Angry residents in the Ballyneale area say they have reached "boiling point" over the condition of a road they claim has been "neglected for years".
People gathered at a public meeting in the local community hall to campaign for improvements on the L2602 road, which runs through the village from Kylnoracy to Power's Cross.
"The road is worse than ever this year and it has been neglected for years", says Siobhan Walsh of Kilmurry Lodge, Ballyneale, who is leading the campaign along with Mary Blanchfield and Anne Comerford.
They say there has been no maintenance on stretches of the road for 30 years and drainage work is needed, with water constantly lodging on the surface.
The residents say the road has broken down at the sides, and with an accumulation of leaves and grass at the edges it is very slippery.
They want those verges pushed back to the hedges so that the width is restored to 13 feet, compared to the present width of 10 feet in many locations.
"It has reached boiling point", says Siobhan Walsh.
"I am annoyed that there has been no maintenance on the road. I am angry that my grandchildren and other local children cannot walk or cycle on that road.
"I'm also annoyed that the hard work of the tidy towns committee, who do an amount of work trying to keep the place right, is being frustrated. They no sooner mow a grassy area than a tractor or truck comes along and ploughs it up".
Residents say that the road must be improved for the safety of motorists bringing many of the more than 100 children who attend the local primary school and pre-school, as well as for local farmers and agricultural contractors.
"The condition of the road is making life difficult for people", says Mary Blanchfield, adding that cyclists, runners and walkers don't feel safe there.
The residents, who have collected 150 signatures for a petition to be presented to the council, accept that the road won't be re-surfaced or the bad bends removed. But they don't believe it would cost too much to have it properly maintained.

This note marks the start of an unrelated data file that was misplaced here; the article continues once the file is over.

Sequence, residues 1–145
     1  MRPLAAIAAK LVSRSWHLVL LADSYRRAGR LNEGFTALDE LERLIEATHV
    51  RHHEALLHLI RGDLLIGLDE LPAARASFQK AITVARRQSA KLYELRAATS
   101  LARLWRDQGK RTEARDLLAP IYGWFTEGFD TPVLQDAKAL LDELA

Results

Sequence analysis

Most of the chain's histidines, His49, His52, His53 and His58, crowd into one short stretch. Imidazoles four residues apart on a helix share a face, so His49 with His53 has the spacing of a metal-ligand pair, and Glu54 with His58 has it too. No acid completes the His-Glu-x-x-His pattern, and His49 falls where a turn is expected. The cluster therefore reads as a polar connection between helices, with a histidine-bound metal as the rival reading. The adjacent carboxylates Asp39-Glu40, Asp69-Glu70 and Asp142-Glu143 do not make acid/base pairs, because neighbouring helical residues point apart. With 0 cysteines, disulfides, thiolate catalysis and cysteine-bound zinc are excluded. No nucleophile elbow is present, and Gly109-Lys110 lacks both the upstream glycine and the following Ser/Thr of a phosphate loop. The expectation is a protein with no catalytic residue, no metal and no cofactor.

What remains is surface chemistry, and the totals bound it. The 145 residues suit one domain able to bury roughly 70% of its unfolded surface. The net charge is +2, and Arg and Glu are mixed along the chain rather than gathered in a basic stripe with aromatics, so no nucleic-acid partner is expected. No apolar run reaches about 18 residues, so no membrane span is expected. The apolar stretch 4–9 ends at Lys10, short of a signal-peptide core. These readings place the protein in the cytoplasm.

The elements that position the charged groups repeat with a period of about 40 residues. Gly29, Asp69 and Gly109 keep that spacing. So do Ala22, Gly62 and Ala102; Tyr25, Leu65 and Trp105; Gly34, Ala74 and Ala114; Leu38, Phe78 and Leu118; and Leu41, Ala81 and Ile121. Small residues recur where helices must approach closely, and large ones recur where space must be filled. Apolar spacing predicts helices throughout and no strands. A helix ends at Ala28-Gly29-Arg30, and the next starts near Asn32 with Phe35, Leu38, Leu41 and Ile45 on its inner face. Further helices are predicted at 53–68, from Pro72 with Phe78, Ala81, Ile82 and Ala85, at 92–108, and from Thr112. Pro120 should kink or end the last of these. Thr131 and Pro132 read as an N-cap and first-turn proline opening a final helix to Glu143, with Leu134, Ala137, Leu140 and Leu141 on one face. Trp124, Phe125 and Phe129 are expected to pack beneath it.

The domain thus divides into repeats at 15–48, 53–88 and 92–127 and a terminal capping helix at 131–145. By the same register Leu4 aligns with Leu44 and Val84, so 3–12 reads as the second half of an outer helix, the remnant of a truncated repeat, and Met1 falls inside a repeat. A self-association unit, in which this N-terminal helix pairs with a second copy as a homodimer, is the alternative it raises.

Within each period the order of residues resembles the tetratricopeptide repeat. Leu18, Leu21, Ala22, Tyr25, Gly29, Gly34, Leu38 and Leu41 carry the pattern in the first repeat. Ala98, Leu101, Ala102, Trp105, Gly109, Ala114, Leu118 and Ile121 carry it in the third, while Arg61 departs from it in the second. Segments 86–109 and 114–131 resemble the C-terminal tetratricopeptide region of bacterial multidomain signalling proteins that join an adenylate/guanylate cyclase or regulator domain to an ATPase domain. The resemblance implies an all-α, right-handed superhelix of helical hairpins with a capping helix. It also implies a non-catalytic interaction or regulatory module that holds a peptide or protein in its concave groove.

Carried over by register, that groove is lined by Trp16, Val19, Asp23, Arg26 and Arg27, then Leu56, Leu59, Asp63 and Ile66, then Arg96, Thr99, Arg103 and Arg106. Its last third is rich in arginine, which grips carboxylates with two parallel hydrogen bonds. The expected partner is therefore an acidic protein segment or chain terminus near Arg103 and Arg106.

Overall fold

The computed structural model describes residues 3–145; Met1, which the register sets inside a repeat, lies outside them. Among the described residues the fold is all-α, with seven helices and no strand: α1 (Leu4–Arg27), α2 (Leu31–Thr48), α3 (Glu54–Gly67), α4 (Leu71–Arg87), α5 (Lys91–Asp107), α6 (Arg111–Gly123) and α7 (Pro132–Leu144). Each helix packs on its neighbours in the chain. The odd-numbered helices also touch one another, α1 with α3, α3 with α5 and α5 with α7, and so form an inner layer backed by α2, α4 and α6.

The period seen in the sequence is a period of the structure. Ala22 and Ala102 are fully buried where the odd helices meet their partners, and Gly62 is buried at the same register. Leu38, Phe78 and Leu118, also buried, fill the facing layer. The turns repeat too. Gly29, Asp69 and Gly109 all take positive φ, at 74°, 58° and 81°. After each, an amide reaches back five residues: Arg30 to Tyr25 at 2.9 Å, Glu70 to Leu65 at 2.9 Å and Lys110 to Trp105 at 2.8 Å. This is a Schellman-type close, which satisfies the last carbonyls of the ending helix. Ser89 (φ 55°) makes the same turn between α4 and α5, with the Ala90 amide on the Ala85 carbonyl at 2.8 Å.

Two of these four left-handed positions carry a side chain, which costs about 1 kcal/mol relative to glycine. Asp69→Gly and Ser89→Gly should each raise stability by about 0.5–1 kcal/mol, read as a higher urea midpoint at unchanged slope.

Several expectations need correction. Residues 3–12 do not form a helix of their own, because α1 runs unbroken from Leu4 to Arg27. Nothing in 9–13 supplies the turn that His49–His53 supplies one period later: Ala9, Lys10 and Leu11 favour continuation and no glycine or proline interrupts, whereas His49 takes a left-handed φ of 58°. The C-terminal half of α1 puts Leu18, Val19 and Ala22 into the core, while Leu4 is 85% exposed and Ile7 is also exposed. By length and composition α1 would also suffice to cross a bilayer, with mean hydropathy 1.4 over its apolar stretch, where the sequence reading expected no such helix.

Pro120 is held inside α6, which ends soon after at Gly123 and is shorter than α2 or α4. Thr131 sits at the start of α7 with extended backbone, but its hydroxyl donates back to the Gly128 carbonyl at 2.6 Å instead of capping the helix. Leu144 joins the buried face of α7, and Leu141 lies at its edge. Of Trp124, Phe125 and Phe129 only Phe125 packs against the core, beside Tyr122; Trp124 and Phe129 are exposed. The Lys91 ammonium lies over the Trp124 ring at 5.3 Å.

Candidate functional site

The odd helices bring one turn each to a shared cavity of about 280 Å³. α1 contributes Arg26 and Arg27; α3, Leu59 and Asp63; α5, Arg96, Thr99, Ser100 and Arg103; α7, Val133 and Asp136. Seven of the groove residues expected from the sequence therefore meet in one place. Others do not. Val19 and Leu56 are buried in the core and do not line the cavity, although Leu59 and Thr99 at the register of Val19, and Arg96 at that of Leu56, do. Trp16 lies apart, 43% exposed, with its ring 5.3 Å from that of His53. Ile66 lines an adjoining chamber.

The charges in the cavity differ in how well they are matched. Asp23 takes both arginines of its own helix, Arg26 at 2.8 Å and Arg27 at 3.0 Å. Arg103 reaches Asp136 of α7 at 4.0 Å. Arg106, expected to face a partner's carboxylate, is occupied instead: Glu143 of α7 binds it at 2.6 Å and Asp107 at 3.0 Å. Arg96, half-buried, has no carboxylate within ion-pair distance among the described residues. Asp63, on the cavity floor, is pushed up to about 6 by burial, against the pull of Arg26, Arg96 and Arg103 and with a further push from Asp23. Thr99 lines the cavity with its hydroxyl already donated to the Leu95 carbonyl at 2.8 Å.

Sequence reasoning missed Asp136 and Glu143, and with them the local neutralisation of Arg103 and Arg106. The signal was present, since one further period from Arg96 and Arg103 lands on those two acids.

With several accidents and near-accidents in the area, they are requesting the creation of pass points, or lay-bys, where vehicles can pass each other safely; the speed limit reduced to 60 kilometres per hour; and signs indicating the speed of traffic, as well as improved flashing lights outside the school.
They say that people driving from Ballypatrick and Kilcash to Carrick-on-Suir take a longer route by Glenbower instead of travelling through Ballyneale.
Willie Corby, the Carrick-on-Suir-based District Engineer, said the council would look at the possibility of carrying out drainage and maintenance works on the road.
"Some money is available for drainage works but there's a lot of pressure on that grant, and we'll do the best we can", he said.
He said they would talk to the residents and the council would divert water from the road surface into fields if it received permission to do so.
He said that at this time of the year, when the weather was often wet, the edges of roads tended to get driven on by tractors and large agricultural vehicles, which caused damage to the edges, as well as dragging mud onto the surface.
The L2602 was one of those narrow roads that were a feature of the roads network, and there wasn't a lot that could be done with those.